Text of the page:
The Robots Are Coming: Autonomous Vehicles Could Be Next

There is something inevitable about robotics on the farm. Much of the work farmers and their employees do is repetitive and time-consuming, and does not require decision-making. Perfect stuff for robots, which don't get bored or tired, or demand a paycheck.
Kinze wirelessly links a tractor and combine. (Progressive Farmer image by Jim Patrico)
No surprise, then, that robots already have found a home on the farm. A prime example is DeLaval's VMS milking system, which hit the market way back in 1998. It uses an optical camera and lasers to "see" a cow's teats, a hydraulic arm to apply milkers and automated sprayers to clean the cow and send her on her way. If it didn't cost $250,000, it might have replaced all human milkers by now.
Other current helper robots include Case IH's new Robo-Sharpener, which rides on a rail to automatically sharpen discs on a tillage tool. How about drone airplanes that can scout fields with aerial photography? And the University of Illinois a few years ago produced a robotic weeder that could roll down 30-inch rows zapping weeds. (See Robots We Already Know.)
Such helpers are useful. But the Holy Grail of on-farm robotics might be autonomous vehicles. Theoretically, they could make a huge difference to a farmer's bottom line by saving him time in the field and money on labor costs.
Last year, Kinze Manufacturing took a stab at an autonomous vehicle when it unveiled a driverless tractor for pulling grain carts. Kinze gave dealers and the media a surprise glimpse of the technology at a meeting last July. Guests were ushered to a lawn at the company's headquarters as a combine came chugging from behind some buildings.
Alongside the combine was a tractor pulling a grain cart. The pair did a little maneuvering on the lawn as the combine unloaded on the fly into the grain cart. Then the tractor broke off and pulled the grain cart to a resting spot near the spectators. It wasn't until the tractor got near the spectators that the surprise became evident: The tractor had no driver. Cue the "wow" factor.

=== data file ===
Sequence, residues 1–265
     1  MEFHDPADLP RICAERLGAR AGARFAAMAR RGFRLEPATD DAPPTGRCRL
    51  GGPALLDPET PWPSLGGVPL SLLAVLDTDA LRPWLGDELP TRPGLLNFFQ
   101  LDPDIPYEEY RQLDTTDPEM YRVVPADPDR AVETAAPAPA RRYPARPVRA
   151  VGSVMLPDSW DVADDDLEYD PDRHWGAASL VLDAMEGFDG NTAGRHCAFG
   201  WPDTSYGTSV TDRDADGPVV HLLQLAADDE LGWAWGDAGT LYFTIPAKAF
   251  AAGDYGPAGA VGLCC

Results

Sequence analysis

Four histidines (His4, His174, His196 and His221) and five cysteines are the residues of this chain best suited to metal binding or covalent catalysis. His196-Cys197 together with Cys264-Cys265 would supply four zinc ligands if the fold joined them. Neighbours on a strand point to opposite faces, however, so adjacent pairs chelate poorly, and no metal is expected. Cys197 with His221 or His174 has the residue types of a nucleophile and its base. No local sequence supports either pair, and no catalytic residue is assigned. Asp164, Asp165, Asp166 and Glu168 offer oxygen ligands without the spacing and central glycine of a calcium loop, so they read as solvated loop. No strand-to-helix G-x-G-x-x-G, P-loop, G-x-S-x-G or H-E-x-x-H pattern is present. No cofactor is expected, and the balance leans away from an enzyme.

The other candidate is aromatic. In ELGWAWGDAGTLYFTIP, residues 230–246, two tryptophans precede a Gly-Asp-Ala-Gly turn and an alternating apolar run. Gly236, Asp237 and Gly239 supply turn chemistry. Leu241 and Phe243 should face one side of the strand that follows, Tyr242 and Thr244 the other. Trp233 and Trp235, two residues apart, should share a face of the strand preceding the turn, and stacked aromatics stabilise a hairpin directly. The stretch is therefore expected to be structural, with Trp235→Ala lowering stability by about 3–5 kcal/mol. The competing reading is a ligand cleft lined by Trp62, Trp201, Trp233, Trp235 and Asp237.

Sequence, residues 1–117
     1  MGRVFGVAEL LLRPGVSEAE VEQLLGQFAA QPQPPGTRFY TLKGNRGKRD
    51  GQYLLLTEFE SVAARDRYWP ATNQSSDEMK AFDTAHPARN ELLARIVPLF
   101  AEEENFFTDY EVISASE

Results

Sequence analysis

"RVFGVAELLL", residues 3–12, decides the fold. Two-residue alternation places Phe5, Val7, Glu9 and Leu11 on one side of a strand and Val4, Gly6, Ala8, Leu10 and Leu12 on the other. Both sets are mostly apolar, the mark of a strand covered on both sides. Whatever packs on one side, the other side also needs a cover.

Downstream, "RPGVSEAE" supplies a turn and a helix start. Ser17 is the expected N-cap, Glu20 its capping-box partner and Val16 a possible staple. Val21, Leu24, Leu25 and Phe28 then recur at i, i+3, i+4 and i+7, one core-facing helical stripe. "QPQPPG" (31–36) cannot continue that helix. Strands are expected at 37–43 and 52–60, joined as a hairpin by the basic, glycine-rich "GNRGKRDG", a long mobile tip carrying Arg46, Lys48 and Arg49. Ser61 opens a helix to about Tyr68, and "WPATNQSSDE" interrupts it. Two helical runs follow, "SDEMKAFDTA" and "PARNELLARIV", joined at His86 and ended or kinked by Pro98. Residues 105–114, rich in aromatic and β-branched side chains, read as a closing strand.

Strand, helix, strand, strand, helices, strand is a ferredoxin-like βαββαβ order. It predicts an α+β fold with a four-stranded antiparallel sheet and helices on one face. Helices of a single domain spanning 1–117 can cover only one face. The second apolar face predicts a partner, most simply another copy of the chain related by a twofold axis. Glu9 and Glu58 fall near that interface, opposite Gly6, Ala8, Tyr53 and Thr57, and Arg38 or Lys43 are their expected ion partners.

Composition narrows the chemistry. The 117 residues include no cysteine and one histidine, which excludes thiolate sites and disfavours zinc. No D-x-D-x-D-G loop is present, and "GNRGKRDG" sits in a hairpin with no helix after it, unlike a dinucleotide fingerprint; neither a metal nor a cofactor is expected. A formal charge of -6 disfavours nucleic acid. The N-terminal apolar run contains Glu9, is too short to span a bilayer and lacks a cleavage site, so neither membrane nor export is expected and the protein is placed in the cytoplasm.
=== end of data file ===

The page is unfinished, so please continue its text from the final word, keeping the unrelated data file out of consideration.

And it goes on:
Kinze had worked for two years with Jaybridge Robotics, of Cambridge, Mass., on the project, which employed available technologies like GPS guidance and autosteer.
To use Kinze's system, a farmer will have to first GPS-map a field to determine where waterways, contours and other obstructions lay. Software can then plot efficient courses for the tractor and grain cart.
When the grain cart slides next to the combine during unloading, the driver of the combine must maneuver his vehicle to make sure the auger spout is over a partially empty area of the cart. The tractor can then independently take its load of grain to a staging area for unloading into a truck.
It is a slick system, and Kinze later announced a similar setup for a tractor/planter combo. The company said other autonomous applications were on the horizon.
What Kinze didn't announce was a release date for autonomous vehicle technology. "We need to figure out how we are going to commercialize it," Kinze COO Brian McKown said at the time.
Safety has to be one of the reasons for Kinze's delay in releasing the system. Although the system has sensors to make the tractor stop if it encounters obstacles, that might not be enough. For instance, can the sensors see to the side and predict that a moving object -- or person -- will intersect with the vehicle? One mishap with an autonomous vehicle could set the industry back for years.
"We have a lot of the right technology today. The only sensor we are lacking is the lawyer sensor," jokes John Posselius, Case IH innovation engineering director.
Liability and safety risks understandably make manufacturers nervous about unleashing a totally driverless vehicle. Still, Posselius says driverless farm vehicles will happen; the whole flow of technology almost dictates it. He recounts recent technological history that seems to lead inevitably to autonomous vehicles:
-- GPS guidance has made chores easier and less fatiguing. Over time, farmers have come to trust the technology.
-- Machines are learning to make automatic setting changes themselves, including concave settings and fan speeds in combines.
-- Tractor/implement interfaces are on the way, and it won't be long before the implement will control the tractor. For instance, a baler will know when the bale is ready to be wrapped, stop the tractor, wrap and eject the bale and start the tractor again.